- That is the question?
As and when Article 1 of Constitution of India, which deals with the territory of the country, is directly applied to Kashmir, it will get merged with India. All the other Articles of Indian Constitution will then automatically apply to Kashmir. However, as of now, Article 1 or for that matter any other Article of the Constitution of India, applies to Kashmir, not directly but, only through Article 370. Article 370 is a temporary affair. It envisages its own abrogation. Hence the constitutional relationship between Kashmir and India is temporary.
Article 370, when it was applied to Kashmir on 26 January 1950, was apparently a substitute for the Instrument of Accession of October 1947. But it was actually more than a mere substitute. It did not merely cover the central subjects of defence, foreign affairs, and communications as specified in the IoA, it also provided for extension of powers of Indian parliament to legislate for Kashmir on other subjects in addition to the central ones, albeit in consultation with, and with the concurrence of, the government of Jammu and Kashmir for the time being, and with the concurrence of the constituent assembly of the state to be convened in near future.
In addition to opening the door for extension of powers of the Indian parliament, Article 370 was the device through whose Clause (1) (c), the Article 1 of the Constitution of India was applied to Kashmir which otherwise did not apply on the basis of mere Instrument of Accession. Clause (1) (c) reads: “the provisions of Article 1 and of this Article shall apply in relation to that state.”
Under Article 370 of Indian Constitution, Kashmir still has the option of secession or merger. Therefore, the statement of Indian army chief that Kashmir cannot secede from India is extra-constitutional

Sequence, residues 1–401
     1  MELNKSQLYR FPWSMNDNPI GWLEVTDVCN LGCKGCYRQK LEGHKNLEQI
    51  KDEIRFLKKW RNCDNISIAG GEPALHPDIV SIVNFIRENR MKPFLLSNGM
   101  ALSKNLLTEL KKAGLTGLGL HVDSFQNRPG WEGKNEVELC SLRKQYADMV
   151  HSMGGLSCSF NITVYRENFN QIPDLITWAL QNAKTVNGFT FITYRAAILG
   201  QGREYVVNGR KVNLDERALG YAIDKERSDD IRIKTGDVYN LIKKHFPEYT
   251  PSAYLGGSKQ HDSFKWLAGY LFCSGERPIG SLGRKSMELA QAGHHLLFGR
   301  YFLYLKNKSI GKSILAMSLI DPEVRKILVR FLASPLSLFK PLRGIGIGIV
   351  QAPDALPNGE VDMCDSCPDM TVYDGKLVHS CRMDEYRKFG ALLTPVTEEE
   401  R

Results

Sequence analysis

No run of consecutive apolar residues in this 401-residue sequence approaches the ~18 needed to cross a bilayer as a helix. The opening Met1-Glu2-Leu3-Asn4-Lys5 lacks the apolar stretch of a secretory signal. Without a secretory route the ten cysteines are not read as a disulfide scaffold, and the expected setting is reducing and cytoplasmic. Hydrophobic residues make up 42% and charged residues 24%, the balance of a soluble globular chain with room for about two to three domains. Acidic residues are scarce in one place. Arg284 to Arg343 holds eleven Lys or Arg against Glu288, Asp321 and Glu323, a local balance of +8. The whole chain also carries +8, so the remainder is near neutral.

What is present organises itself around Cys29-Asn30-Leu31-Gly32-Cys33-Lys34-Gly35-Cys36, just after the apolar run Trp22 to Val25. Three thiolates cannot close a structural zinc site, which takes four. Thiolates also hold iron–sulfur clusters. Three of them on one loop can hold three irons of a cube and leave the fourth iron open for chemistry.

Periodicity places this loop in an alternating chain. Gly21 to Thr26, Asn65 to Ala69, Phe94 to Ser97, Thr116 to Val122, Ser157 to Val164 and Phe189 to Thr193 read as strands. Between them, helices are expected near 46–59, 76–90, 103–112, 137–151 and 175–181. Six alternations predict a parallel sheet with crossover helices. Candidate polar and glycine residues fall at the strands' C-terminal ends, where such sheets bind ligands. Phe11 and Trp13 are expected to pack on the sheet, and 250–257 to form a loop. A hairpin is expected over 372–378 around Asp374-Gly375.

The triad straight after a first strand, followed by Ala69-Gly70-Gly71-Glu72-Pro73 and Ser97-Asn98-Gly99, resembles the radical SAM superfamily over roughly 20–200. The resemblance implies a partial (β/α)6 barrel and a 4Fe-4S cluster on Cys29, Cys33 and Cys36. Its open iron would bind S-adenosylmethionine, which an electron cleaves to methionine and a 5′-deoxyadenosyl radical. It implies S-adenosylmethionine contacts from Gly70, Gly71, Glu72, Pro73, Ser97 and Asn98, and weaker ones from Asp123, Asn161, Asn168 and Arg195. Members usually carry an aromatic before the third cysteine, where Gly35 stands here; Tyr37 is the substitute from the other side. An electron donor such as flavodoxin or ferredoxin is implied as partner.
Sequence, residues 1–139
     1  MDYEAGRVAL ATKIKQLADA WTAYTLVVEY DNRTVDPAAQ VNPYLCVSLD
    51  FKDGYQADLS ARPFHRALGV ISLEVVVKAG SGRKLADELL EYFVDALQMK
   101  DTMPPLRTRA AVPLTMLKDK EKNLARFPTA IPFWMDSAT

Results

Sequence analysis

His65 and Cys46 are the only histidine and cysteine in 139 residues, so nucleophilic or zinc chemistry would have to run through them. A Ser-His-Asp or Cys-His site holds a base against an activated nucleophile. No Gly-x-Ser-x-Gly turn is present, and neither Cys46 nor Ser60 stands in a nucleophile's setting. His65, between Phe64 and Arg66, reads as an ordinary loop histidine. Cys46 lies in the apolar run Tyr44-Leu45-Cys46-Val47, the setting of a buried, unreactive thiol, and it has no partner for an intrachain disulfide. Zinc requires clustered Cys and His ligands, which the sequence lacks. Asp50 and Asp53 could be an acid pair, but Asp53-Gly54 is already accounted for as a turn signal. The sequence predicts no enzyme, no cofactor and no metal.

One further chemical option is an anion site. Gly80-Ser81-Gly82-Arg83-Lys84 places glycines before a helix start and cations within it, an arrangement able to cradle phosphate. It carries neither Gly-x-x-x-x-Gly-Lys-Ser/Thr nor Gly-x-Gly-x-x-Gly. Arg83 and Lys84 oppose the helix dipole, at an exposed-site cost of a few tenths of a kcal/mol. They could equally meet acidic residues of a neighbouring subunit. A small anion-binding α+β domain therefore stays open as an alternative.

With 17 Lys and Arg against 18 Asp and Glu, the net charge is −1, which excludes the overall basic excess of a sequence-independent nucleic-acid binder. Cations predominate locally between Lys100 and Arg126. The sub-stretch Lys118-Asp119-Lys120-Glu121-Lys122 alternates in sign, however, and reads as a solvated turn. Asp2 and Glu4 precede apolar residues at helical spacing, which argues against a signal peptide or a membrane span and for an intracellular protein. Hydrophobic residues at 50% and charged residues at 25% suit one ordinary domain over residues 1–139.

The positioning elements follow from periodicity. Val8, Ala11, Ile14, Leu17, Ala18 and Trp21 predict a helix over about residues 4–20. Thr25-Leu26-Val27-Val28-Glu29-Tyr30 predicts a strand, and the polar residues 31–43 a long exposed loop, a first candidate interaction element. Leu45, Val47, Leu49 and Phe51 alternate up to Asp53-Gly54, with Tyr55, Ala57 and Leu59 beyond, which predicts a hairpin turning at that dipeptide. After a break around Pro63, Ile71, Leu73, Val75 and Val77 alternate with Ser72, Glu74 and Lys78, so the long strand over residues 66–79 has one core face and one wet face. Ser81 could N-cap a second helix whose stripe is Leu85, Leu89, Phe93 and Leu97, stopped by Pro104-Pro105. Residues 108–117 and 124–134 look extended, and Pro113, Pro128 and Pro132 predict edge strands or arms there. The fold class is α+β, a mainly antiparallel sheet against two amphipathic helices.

Article 1 would apply to Kashmir only after its merger with India. Kashmir had not merged with India like other princely states had by issuing proclamations to that effect on 25 November 1949, a day before the Constitution of India was adopted.
The application of Article 1 through Article 370 enabled the Constituent Assembly of India to describe Kashmir as a constituent unit of India. Since it was a princely state it was listed as Part B state in the First Schedule. Part B states were headed by Rajpramukhs unlike Part A states that were headed by governors. But since Kashmir had not been merged; and since it was still headed by the Maharaja, whose authority was exercised on his behalf by Prince-Regent Karan Singh, the Clause (1) (a) of Article 370 provided that Article 238 of the Indian Constitution, which governed the relationship between the Union and its Part B states, would not apply to Kashmir.
Paragraph (3) of Article 370 provides the procedure for its abrogation. It can be abrogated, either in toto or with exceptions and modifications. If it is abrogated with the exception and modification of its Clause (1) (c) so as to directly apply Article 1 of the Constitution of India to Kashmir, Kashmir will get merged with India because in that case all the other Articles of Indian Constitution will apply to Kashmir automatically which were otherwise applied indirectly in 1954 through a Presidential Constitution Order under Article 370.
However, if Article 370 is abrogated in toto, not only will Article 370 get abrogated, but also Article 1 and all the other Articles of the Constitution of India in their application to Kashmir will get abrogated; and, consequently Kashmir will secede from the Union of India.
So under Article 370 of Indian Constitution, Kashmir still has the option of secession or merger. Therefore, the statement of Indian army chief that Kashmir cannot secede from India is extra-constitutional. He should know that unless a final call is taken on Article 370, Kashmir will remain politically uncertain and restive.